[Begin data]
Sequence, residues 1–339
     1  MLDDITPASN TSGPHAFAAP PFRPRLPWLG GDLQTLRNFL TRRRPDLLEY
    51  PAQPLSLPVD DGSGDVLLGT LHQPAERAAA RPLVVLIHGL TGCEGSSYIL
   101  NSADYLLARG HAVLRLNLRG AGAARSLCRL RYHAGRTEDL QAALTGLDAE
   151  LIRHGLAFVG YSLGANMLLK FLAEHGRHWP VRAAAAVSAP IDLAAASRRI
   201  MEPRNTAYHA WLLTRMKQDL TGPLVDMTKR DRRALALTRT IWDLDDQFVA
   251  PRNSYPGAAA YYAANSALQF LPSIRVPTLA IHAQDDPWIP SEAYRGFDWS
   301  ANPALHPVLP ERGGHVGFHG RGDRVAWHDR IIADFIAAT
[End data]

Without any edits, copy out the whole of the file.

Sequence, residues 1–339
     1  MLDDITPASN TSGPHAFAAP PFRPRLPWLG GDLQTLRNFL TRRRPDLLEY
    51  PAQPLSLPVD DGSGDVLLGT LHQPAERAAA RPLVVLIHGL TGCEGSSYIL
   101  NSADYLLARG HAVLRLNLRG AGAARSLCRL RYHAGRTEDL QAALTGLDAE
   151  LIRHGLAFVG YSLGANMLLK FLAEHGRHWP VRAAAAVSAP IDLAAASRRI
   201  MEPRNTAYHA WLLTRMKQDL TGPLVDMTKR DRRALALTRT IWDLDDQFVA
   251  PRNSYPGAAA YYAANSALQF LPSIRVPTLA IHAQDDPWIP SEAYRGFDWS
   301  ANPALHPVLP ERGGHVGFHG RGDRVAWHDR IIADFIAAT